Two Eagle Scout awards were presented by Boy Scout Troop 33 in a special ceremony held at First Lutheran Church in DeKalb. As the highest award in Boy Scouts, only about 2 percent of all Scouts earn the Eagle Scout Award in any given year.
Eagle Scout Jared deSeife, son of Rudolph and Cynthia deSeife, is currently a student at Kishwaukee College. He enjoyed many exciting experiences through Scouts over the years. He attended summer camps at Camp Napowan near Wild Rose, Wis. and Camp Lowden near Oregon, IL.
Beyond summer camp, he participated in advanced high adventure tours with Troop 33 stretching all across the nation. He traveled to Hawaii, where he toured the islands of Oahu and Maui, including several wide sand beaches, waterfall hikes, climbing Diamond Head, surfing, snorkeling, enjoying an authentic luau, and touring Pearl Harbor and Honolulu. One of the highlights of his Hawaiian adventure was biking down the Mount Haleakala volcano and exploring hidden places along the Hana Highway on Maui.
On other trips he toured New York City, Boston, St. Louis, paddled on several rivers including the Meremec and Missouri rivers; enjoyed cave exploring; camping along the Atlantic Ocean in Rhode Island; visiting Cape Cod and Martha’s Vineyard in Massachusetts; hiking and whale watching in Maine.
Eagle Scout Mark Aska, son of Larry and Dawn Aska, is currently a student at Western Illinois University. He found many avenues for adventure through Scouts in Troop 33. He also attended summer camp at Camp Lowden near Oregon, IL.
On high adventure trips, he visited Fort Knox and explored wild sections of Mammoth Cave in Kentucky. In Utah, he hiked the Narrows at Zion National Park, enjoyed horseback riding through Bryce Canyon and pontoon boating on Lake Powell. He rafted on the Colorado River, hiked at Arches National Park and endured a mountain biking adventure in Moab, Utah.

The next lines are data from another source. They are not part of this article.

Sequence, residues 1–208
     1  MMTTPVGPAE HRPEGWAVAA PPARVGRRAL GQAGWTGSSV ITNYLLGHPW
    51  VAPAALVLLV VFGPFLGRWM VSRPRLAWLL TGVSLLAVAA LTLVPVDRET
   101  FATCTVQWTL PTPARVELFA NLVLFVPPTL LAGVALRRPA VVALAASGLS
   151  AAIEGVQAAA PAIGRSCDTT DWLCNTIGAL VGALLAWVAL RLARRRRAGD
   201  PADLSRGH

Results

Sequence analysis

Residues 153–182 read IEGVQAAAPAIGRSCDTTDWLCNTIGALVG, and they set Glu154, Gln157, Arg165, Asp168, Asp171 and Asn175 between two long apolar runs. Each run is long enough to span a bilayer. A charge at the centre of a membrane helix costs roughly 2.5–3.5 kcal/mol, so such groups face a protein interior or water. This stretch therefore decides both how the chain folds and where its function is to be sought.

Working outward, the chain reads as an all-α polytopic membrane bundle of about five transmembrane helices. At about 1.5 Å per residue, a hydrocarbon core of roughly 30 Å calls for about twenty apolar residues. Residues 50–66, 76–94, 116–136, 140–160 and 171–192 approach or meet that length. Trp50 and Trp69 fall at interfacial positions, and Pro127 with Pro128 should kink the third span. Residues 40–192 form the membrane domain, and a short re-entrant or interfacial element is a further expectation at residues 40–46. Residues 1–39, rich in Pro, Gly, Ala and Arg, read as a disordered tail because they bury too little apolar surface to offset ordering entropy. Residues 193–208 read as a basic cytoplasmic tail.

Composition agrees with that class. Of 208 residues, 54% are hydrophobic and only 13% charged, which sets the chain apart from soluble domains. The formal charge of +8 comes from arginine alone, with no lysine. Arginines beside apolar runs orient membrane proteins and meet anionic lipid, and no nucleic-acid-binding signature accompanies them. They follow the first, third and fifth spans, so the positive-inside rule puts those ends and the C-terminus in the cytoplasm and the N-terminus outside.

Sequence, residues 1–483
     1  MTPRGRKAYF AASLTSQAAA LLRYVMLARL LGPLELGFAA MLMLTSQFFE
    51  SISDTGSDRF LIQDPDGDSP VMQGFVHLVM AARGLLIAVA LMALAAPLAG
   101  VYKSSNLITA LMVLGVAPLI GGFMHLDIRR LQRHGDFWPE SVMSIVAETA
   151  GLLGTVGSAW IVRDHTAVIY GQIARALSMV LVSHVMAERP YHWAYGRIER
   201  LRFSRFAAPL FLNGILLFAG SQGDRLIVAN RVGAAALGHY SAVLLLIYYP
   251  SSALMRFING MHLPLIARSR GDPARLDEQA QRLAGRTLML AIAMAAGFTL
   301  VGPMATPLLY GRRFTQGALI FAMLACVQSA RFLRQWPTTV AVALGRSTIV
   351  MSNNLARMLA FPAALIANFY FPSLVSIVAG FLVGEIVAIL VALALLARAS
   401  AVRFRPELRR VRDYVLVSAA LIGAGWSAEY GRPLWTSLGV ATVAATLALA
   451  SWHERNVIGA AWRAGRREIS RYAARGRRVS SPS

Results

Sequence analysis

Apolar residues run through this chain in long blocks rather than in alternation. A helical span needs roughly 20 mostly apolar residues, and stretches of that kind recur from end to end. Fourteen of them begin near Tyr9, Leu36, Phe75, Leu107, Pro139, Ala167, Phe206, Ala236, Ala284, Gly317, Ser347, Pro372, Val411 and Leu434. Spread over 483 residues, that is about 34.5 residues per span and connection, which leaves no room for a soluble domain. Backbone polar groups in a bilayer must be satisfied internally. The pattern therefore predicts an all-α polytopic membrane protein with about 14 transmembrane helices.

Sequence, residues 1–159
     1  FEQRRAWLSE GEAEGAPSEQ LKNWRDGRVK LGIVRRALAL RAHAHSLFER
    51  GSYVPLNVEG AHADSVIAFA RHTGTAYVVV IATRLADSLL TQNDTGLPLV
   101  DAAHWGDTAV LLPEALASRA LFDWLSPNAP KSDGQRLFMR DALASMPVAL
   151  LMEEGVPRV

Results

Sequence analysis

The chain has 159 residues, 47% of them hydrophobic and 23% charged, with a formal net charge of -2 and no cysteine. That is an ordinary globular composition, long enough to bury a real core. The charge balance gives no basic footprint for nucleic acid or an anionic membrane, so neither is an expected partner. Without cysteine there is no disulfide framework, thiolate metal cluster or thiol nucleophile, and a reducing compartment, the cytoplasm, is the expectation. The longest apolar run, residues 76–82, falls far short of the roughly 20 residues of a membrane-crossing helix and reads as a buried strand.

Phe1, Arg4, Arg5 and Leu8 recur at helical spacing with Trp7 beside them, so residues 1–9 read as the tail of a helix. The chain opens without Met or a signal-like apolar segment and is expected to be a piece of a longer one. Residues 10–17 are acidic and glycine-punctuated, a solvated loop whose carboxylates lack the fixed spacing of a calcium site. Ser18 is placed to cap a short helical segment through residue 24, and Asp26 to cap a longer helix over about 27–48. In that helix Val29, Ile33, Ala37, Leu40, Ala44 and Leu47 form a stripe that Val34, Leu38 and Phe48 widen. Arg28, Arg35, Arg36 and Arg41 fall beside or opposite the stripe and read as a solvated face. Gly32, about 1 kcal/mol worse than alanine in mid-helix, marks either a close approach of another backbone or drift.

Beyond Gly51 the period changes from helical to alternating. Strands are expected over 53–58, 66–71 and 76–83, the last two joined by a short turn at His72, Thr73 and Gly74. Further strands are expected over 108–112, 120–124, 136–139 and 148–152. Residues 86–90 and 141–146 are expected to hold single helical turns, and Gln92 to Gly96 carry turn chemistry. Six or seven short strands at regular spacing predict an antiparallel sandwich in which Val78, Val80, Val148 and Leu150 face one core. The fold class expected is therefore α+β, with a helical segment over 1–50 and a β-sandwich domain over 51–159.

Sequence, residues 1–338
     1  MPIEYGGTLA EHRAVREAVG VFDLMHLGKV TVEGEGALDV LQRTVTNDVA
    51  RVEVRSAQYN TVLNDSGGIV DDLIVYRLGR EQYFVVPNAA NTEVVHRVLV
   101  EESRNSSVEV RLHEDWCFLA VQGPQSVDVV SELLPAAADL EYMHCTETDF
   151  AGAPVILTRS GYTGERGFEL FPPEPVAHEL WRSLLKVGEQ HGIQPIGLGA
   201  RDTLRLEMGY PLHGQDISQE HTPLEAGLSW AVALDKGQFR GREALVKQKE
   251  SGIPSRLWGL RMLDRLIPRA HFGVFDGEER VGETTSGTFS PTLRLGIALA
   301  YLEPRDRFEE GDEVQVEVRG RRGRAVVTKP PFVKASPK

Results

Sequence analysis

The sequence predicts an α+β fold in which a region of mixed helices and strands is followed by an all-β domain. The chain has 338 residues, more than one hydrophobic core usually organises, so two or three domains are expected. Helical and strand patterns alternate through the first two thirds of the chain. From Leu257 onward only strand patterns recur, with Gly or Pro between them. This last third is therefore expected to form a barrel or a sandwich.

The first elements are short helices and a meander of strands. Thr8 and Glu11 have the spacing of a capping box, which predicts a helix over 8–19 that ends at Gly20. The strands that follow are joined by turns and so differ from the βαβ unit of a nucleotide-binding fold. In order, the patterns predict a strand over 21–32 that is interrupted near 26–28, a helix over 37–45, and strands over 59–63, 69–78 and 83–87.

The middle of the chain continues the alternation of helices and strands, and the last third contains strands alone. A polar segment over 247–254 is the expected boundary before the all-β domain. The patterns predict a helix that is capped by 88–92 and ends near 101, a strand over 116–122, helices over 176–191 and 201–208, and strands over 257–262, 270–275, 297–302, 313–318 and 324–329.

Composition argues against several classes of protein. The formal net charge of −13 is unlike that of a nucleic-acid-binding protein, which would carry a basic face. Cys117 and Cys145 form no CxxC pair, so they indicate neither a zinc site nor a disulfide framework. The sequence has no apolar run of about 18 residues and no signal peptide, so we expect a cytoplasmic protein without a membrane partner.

In Arizona, he camped and hiked at the Grand Canyon, and camped in the mountains near Flagstaff – the desert near Phoenix – and toured an aircraft museum in Tucson. In Mexico, he toured the fishing port of Guaymas and enjoyed kayaking on the Sea of Cortez at San Carlos. He toured the Hoover Dam and Las Vegas. In Colorado, he backpacked at Rocky Mountain National Park, rafted on the Animas River and toured Mesa Verde, Bents Fort and the Koshare Indian Kiva. He enjoyed climbing at Laramie, Wyo., and bicycled 410 miles from St Paul, Minn., north along the rugged shoreline of Lake Superior to Thunder Bay in Ontario, Canada. He also bicycled along the outer banks of the Carolinas and toured Washington, D.C.
In addition to the above activities, both deSeife and Aska volunteered their efforts following the Hurricane Katrina disaster in 2005. Both Eagle Scouts worked in Pass Christian, Miss., cooking meals for victims and volunteers; helped prepare a banquet for homeless military families at Keesler Air Force Base in Biloxi, Miss.; and helped prepare a new animal rescue center for New Orleans, La. They were part of a team of Troop 33 Scouts who rode nearly 500 miles on a bike-a-thon from Memphis, Tenn., to New Orleans, La., which raised thousands of dollars for hurricane-damaged libraries.
Becoming an Eagle Scout involves earning at least 21 merit badges and serving in a leadership position. Each Eagle candidate must also plan, develop and give leadership to a major Eagle Service Project. Aska and deSeife each served as Senior Patrol Leader of Troop 33.
For their Eagle Service Projects, Aska organized a recreational outing for a group of nursing home patients from Shabbona Nursing Home, while deSeife wrote, directed and produced an educational video on how government works.
The Boy Scout program seeks to foster citizenship, develop character and promote fitness. Becoming an Eagle Scout requires dedication and perseverance.